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The Ezra Home Care Blog

What Would You Do If Mobility Issues Threatened Your Independence?

Jan 31, 2018 |

The ability to complete everyday tasks for ourselves, such as bathing, dressing, eating, even moving around, is something we take for granted when we are healthy. For seniors, however, these functions can become difficult to complete alone, as the effects of aging, including mobility issues, take effect. This can have an impact on a loved one’s sense of independence and dignity.  

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The Importance of Empathy

It's hard to imagine what life would be like if you could no longer easily do any, or all, of the daily tasks you used to do on your own. A recent article by the Massachusetts Institute of Technology (MIT) Age Lab details how they developed a device that enables researchers to better understand the restrictions aging can have on mobility, in order to increase empathy.

However, without being able to use MIT’s Age Gain Now Empathy System (AGNES) yourself, in order to understand what a senior loved one is going through, and how you can help them stay safe and comfortable, while retaining their independence, it is important to ask yourself: How would you feel if a condition such as Parkinson’s or Multiple Sclerosis, recovery from a stroke or heart attack, or even simply old age, meant that you had an increasing need for assistance.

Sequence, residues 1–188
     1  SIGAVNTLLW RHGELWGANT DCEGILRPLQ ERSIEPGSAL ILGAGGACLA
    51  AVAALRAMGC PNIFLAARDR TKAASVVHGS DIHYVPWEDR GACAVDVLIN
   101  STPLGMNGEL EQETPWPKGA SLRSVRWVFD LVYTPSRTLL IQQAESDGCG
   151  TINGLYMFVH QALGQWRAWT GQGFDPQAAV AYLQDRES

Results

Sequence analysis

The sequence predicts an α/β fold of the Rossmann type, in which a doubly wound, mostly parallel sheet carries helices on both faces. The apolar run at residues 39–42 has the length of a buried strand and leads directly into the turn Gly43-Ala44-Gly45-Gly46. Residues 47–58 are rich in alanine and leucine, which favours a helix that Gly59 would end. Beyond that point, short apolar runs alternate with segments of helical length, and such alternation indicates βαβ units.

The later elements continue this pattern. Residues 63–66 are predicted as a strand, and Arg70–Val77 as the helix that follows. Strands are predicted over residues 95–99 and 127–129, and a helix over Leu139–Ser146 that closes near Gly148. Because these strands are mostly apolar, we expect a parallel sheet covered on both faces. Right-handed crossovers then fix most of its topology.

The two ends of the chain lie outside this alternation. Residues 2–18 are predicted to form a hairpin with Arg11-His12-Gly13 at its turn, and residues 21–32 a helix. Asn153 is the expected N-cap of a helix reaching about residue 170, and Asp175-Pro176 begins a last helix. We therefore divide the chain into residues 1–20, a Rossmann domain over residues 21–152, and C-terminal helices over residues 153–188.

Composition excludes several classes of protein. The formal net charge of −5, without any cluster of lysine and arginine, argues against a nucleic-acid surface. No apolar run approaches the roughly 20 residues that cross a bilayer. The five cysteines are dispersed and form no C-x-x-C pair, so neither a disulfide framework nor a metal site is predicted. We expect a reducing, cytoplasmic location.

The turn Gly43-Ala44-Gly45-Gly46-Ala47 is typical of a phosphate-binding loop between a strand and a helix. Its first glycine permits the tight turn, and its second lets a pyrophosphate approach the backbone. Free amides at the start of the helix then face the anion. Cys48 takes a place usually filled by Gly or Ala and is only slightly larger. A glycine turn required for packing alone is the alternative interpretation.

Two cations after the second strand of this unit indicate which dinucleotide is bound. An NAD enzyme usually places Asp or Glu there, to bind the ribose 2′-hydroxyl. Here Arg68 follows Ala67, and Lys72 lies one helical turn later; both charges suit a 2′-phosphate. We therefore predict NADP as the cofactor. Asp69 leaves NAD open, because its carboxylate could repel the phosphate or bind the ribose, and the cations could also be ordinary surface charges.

Then, consider what you would need to stay safe and comfortable at home, and what practical steps you could take to help make this happen.

Showing real empathy for your loved one's emotional, as well as practical, needs, when talking to them about getting help at home, is key to the success of such a conversation. Remember that:

  • Your loved one could experience a huge sense of loss or despair as their abilities deteriorate
  • They won't necessarily feel any more prepared or accepting of changes to their abilities than you would be, simply because they are older
  • Your loved one may fear that their independence and dignity are threatened by having someone assist them with daily tasks

It is important to highlight that getting support or assistance does not necessarily mean a loss of dignity for your loved one, or their ability to live on their own. Outline the practical ways in which your mom or dad can avail of help to enhance their independence, rather than take it away.

Practical Help at Home

Talk to your loved one about some practical steps to retaining their independence, including:

  • Organizing grocery deliveries - If you can't be there every day to see what your parent has in their food cupboards, or are worried about them getting out to a grocery store, you could set up a regular online delivery of healthy groceries, cooked meals or other essentials. This can eliminate the need for your mom or dad to drive, and ensures they are getting the nutrition they need to stay healthy. If you are concerned about your loved one being able to cook, services such as Meals on Wheels can arrange for pre-cooked meals to be delivered daily.